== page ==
Pages

Friday, 29 January 2016

System biology provides a magic wand for cell reprogramming

This is not exactly genomic, but it is based on genomic data and so fascinating that I had to report about it!

In a letter appeared recently on Nature Genetics, Rackham et al. proposed the Mogrify tool, a web-based interface that can predict the minimum set of trancription factors (TF) needed for a specific cell type reprogramming. The idea that somatic cells can be reprogrammed across different cell types has been around for a while, but a systematic assessment of the conditions needed for each conversion has never been carried out, mainly due to the amount of time and effort needed to test the various combination of TFs experimentally.


The authors took advantage of the huge amount of data produced by the FANTOM project to calculate the specific transcriptional landscape of different cell types and then developed a method that could predict which TFs should be overexpressed to move a specific cell type to another one.

With Mogrify it could be now much easier to perform reprogramming experiments, an approach with a potential great impact for regenerative medicine.

The idea behind this interesting tool is summarized in Figure 1 from the paper as you can see below

The Mogrify algorithm for predicting transcription factors for cell conversion.

Thursday, 28 January 2016

Illumina get small with new miniSeq and FireFlight

After bullying the NGS market a couple of years ago with its new large sequencing platforms able to deliver thousands of human genomes per year, now Illumina decided to further expand its offer with also small solutions.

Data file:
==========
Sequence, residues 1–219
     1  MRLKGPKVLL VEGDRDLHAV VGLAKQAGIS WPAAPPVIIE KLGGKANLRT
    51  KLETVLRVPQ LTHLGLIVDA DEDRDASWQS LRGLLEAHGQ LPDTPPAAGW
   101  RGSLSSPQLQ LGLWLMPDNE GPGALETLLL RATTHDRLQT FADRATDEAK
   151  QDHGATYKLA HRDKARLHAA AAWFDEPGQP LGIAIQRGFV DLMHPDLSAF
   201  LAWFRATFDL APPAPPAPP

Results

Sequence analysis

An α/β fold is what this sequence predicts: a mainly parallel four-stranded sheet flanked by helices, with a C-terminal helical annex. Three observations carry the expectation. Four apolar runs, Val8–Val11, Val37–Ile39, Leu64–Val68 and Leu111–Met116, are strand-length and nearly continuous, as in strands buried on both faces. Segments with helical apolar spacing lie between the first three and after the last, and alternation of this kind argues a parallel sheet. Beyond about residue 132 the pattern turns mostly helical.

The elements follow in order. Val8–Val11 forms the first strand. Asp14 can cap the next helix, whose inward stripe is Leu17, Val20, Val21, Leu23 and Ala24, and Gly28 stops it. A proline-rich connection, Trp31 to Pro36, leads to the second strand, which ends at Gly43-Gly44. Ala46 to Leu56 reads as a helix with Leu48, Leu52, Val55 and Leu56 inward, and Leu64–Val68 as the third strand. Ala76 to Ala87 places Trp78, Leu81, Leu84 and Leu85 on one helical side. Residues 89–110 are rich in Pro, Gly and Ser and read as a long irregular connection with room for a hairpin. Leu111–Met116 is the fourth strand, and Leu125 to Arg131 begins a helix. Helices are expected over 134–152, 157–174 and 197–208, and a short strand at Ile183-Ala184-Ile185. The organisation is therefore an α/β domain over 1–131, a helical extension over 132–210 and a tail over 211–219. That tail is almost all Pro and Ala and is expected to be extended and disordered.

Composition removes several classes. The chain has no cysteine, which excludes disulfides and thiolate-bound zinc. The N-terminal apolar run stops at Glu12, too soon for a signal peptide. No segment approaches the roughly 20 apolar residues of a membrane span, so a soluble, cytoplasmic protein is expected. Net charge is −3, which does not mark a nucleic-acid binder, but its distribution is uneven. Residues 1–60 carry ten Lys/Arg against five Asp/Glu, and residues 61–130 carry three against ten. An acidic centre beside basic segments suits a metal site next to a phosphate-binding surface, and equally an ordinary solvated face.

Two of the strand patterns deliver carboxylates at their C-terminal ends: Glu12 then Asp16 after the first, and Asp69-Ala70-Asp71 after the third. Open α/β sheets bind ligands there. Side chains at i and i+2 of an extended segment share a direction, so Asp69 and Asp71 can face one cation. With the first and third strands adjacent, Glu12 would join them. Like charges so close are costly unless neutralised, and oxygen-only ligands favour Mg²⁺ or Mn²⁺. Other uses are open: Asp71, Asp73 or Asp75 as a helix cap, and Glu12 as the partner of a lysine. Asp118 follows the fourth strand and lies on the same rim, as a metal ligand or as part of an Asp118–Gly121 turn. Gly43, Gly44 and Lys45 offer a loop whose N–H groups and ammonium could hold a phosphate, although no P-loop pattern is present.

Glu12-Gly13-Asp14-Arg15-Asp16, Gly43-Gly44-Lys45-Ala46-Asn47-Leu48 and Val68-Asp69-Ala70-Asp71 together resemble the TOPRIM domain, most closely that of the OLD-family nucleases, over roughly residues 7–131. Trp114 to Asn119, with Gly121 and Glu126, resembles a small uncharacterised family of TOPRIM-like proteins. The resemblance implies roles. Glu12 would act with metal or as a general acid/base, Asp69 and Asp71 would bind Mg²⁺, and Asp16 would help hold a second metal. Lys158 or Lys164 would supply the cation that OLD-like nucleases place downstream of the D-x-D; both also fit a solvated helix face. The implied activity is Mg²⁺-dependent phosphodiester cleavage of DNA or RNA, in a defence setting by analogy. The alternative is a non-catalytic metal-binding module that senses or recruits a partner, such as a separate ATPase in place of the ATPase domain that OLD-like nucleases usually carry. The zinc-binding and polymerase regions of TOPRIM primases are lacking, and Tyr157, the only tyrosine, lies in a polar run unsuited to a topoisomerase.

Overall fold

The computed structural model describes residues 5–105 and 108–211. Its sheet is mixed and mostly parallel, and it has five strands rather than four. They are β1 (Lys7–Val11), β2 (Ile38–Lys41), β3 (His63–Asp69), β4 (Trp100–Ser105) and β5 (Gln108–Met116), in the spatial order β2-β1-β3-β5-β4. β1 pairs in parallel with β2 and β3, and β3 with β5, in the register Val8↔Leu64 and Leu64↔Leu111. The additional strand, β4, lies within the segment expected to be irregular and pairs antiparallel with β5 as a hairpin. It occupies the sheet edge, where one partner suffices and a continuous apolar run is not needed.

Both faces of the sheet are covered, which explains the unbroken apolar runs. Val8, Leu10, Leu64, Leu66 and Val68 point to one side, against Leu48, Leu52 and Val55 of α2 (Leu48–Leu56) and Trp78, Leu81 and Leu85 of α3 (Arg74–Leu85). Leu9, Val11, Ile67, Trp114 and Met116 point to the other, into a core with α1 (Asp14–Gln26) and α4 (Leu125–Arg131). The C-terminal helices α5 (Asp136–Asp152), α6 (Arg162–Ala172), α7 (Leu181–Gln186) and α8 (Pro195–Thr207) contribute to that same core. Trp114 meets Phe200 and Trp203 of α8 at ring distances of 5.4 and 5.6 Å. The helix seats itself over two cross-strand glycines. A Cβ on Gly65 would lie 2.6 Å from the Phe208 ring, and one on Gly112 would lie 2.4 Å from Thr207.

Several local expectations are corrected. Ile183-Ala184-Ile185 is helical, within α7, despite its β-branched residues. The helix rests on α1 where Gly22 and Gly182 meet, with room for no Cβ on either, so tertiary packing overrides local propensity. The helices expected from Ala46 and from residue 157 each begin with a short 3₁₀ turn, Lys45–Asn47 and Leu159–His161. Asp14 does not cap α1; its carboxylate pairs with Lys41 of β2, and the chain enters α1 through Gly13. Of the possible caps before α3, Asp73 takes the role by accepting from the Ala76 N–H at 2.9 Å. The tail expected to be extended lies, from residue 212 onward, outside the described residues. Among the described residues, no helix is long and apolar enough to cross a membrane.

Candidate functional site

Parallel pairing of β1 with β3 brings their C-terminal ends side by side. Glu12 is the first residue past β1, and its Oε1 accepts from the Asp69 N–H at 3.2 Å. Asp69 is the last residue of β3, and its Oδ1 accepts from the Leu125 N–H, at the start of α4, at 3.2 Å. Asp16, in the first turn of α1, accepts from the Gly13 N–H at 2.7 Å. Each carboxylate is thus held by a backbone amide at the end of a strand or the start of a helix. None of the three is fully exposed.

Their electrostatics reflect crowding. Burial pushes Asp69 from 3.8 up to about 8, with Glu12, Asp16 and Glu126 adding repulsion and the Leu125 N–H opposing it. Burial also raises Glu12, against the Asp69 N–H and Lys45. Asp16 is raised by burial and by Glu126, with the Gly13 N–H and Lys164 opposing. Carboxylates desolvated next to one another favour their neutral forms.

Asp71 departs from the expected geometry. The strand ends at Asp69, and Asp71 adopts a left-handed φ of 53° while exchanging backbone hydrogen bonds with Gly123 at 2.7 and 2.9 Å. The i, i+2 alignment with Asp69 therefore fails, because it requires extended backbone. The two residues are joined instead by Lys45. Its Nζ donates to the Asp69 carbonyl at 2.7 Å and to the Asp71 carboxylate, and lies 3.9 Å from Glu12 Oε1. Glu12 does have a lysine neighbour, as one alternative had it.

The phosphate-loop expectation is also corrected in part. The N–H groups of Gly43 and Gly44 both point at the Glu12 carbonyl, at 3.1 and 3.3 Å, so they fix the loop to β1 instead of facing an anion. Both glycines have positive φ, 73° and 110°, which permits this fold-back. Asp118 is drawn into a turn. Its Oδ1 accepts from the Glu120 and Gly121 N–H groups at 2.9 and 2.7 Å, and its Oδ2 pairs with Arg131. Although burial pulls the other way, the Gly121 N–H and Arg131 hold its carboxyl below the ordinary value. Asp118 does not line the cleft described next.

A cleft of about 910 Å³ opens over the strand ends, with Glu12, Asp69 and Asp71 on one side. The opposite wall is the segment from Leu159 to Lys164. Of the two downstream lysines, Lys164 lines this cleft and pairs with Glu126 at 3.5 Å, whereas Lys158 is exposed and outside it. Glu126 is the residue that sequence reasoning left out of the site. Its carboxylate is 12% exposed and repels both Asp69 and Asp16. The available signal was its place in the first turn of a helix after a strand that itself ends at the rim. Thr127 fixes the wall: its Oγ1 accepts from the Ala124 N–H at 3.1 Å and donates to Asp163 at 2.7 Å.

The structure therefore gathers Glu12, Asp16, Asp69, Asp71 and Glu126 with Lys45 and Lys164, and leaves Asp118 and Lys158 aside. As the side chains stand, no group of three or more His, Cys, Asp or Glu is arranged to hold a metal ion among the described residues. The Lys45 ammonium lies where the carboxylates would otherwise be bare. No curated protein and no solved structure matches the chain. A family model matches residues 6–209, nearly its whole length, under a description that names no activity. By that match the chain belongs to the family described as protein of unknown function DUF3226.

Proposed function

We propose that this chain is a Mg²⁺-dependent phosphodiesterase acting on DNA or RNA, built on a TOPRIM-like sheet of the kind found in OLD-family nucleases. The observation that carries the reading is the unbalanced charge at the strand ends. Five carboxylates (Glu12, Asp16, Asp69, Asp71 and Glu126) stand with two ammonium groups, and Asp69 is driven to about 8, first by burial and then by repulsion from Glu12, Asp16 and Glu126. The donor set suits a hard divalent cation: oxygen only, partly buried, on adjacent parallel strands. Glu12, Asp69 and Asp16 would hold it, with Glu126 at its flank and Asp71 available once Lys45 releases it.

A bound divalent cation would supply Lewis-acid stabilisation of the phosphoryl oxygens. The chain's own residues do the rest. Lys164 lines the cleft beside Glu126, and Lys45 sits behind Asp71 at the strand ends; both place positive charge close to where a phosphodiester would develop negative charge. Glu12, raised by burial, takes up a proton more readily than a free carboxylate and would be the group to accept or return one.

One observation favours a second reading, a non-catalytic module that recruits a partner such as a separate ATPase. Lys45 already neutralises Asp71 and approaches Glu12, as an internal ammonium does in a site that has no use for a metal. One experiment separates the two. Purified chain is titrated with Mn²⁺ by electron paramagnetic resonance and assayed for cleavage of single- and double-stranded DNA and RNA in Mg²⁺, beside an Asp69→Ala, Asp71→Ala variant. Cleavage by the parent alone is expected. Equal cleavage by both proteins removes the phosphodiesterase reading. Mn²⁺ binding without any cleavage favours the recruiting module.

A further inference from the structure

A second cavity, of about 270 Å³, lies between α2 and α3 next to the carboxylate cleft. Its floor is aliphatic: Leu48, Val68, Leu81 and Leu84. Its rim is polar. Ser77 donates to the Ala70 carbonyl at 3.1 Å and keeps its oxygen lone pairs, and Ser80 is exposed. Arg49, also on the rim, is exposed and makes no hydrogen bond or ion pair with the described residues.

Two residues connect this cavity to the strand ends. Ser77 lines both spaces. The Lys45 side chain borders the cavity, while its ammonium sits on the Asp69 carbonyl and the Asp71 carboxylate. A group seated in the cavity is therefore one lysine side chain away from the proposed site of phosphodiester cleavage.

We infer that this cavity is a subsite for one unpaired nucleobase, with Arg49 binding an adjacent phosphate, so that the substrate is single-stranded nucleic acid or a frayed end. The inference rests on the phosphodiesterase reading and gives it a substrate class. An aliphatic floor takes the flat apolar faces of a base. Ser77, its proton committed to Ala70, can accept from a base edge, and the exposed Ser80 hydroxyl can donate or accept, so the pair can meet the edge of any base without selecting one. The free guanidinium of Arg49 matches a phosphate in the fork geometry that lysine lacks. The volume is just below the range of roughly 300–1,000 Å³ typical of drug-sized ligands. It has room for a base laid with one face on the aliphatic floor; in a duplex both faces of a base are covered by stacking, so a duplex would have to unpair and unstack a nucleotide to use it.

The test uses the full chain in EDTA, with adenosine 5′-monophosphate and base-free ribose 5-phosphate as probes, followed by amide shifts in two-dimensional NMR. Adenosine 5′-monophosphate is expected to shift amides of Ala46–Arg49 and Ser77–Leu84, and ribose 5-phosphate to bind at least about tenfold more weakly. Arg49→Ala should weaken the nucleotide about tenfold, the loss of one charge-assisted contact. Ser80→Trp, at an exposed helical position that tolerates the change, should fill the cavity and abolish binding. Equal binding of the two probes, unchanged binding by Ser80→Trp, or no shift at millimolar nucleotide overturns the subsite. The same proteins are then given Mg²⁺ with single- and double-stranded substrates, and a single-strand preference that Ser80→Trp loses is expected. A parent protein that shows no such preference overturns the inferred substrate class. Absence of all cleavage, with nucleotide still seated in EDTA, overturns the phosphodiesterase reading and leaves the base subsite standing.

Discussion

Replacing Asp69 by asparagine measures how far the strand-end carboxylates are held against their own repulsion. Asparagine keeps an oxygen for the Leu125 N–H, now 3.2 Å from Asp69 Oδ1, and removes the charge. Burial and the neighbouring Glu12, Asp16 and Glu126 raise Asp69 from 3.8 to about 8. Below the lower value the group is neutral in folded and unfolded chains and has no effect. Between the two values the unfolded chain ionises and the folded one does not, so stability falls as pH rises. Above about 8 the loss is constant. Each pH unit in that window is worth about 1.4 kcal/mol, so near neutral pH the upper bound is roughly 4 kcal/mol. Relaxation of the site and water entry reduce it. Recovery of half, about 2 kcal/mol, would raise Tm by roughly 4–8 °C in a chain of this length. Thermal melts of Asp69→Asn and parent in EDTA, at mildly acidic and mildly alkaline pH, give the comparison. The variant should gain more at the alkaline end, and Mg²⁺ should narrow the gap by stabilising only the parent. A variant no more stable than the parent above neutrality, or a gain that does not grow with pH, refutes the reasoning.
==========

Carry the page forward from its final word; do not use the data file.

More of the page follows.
Few days ago at JP Morgan the company revealed a new benchtop sequencer aiming at small labs and clinical application based on gene panels. The new machine, called miniSeq, can produce up to 8 Gb per run with 25M reads, costs "only" ~50k$ and promise a cost per run between $200 and $300.
With this move Illumina try to challenge Ion Torrent PGM and the Thermo Fisher good position in the area of small, rapid an cheap sequencing. The new sequencer is based on the two-color technology developed for the NextSeq and HiSeq X sequencers allowing to reduce machine cost and speed up the sequencing runs.

Look how it compares to the existing Illumina benchtop sequencers:





In its try to fill all the space in the market Illumina has also annunced an even smaller sequencer, developed under the name of "project FireFlight". The details released included a 1.2Gb output, one "colour" SBS and patterned flowcells. It also has a digital fluidics library prep module. The machine alone might cost just $15,000, with under $200 cost per run. The new machine will be based on semiconductor technology with CMOS sensor collecting light data from multiple simultaneous reactions. Project Firefly will be developed through 2016 and expect to deliver in 2017.

More details and interesting consideration have been provided on the Illumina website and other omics blogs, like CoreGenomics and OmicsOmics.

Thursday, 1 October 2015

1000G and UK10K publish results of large scale human genome sequencing

Risultati immagini per human genetic variability

Both 1000G and UK10K consortia have recently published the results of their analysis on the variability of human genomes, based on their large scale genomics projects.


In the 1000G papers appeared on Nature the consortium described SNV and structural variants findings based on the phase 3 dataset.